Saturday, 30 April 2011

Further April efforts

In that kitchen

a cooker called Radiation
where my dad made the flame
burn green annealing copper
to beat into a bowl
with the polished steel peen
of a planishing hammer.

In that kitchen
the sticky-varnished back door
would open too suddenly
on red-polished brick steps down
to what we called the Shed, home
of the noisy old Morrison Shelter
my dad used for a bench, and the garage,
rented home to better-off people’s cars.

In that kitchen, too
lived the Cabinet with the drop-down
white enamel shelf where mum
rolled pastry. Mind your head
when you come up from rummaging
in the bottom cupboard for shoes
or big saucepans.

Never mind That kitchen

in this kitchen Mount Fuji
somehow looms out of the corner
of my eye as I stand at the sink
swirling limescale flakes
out of the white electric kettle
but has gone when I turn to see it.

Teastains in the sink
have made a sepia sketch
of a ghostly samurai reaching
to point to the future with his sword
beneath the mechanical doughnut sun
of the plughole.

Racing the rain back
from Forde Abbey this afternoon
between hedges unbelievably dotted
with pink, red, blue, mauve, yellow, white
I caught myself saying
what a lovely world we have.

In the living room

A purist from a line of purists, made
worse by a lifetime in a pedantic trade,
I think of writing about the two plums
I know are on the kitchen table.

Are they really, I wonder, navy blue
but the minute I look I know
the word for what they are is indigo –
despised term for a spurious seventh colour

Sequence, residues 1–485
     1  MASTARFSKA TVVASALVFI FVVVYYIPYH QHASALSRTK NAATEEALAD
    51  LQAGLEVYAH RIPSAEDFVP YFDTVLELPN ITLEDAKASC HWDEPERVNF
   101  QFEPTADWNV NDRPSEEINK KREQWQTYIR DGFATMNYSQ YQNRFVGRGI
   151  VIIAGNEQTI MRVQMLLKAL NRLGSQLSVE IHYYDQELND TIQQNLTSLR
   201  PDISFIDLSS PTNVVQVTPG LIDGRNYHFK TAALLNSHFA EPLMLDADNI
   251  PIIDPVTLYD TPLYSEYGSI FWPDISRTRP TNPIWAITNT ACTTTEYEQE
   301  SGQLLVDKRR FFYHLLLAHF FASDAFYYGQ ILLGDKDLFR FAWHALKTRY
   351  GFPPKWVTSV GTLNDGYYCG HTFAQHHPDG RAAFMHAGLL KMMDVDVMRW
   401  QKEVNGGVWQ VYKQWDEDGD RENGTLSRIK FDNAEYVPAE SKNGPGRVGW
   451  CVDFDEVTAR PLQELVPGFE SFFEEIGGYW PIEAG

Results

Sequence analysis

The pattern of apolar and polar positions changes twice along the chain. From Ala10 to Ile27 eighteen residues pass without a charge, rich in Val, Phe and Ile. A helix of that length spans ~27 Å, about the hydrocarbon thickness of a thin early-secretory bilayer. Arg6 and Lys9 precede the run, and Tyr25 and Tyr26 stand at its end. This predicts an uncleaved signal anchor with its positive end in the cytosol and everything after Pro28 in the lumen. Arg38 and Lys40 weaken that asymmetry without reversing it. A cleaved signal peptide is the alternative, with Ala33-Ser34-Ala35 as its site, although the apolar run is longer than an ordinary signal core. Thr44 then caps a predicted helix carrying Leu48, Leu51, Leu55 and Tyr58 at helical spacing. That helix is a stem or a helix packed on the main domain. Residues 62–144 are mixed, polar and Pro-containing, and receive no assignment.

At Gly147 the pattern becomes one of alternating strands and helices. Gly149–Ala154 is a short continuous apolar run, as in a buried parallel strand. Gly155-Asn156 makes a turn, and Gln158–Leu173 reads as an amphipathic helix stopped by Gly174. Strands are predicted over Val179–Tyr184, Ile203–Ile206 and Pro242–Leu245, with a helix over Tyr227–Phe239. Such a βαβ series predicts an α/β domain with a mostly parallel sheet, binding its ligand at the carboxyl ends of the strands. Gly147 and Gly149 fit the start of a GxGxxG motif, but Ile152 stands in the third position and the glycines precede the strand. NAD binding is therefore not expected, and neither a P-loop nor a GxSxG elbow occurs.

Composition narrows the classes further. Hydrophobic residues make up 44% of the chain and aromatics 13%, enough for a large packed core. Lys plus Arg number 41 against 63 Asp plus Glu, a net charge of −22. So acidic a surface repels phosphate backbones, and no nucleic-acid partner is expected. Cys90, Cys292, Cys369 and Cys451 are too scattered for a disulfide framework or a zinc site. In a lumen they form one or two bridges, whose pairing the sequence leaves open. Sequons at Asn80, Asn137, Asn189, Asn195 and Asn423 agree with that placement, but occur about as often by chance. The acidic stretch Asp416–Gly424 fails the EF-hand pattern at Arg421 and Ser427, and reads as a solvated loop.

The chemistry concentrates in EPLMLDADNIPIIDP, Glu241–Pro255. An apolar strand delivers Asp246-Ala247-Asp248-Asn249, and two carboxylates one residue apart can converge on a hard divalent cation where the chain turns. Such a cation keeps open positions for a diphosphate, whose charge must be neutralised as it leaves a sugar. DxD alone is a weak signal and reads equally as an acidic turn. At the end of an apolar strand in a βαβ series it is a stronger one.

Newton or Goethe (or both for all I knew)
squeezed in, I thought I knew, to the middle
of the perfect and rational spectrum of light.
As bad as calling green a primary hue.

How you will come

When you call for me I’ll notice
how you came,
from which direction:
did you walk
past the ethical food shop
smelling of caraway
and yeast, or drive by
the fitness club with its air
of sweat and desperation?

Are you straight to the nearest gate
from the car park, or do you wrestle
your wheelie bag along the street
peering at door numbers?

Will you be so late I’ll despatch
a friend down
to look out for you
or is your knock going to catch me
still basting the fowl?

SELF-INDULGENCE: an infuriating poem about doorknobs

I’m not even going to look. More books
come in the post every day. You know
how polished brass is the colour of dry straw.
Someone woke the birds.
If I was able to, I’d go far a walk round the village.
(Wouldn’t we all, dear). Not saying
what I have to say, I wonder how long
this weather’s going to last.
If you close the door properly or leave it ajar
it won’t bang.
Just a gabble, with no proper words,
lines that have strayed from other poems.

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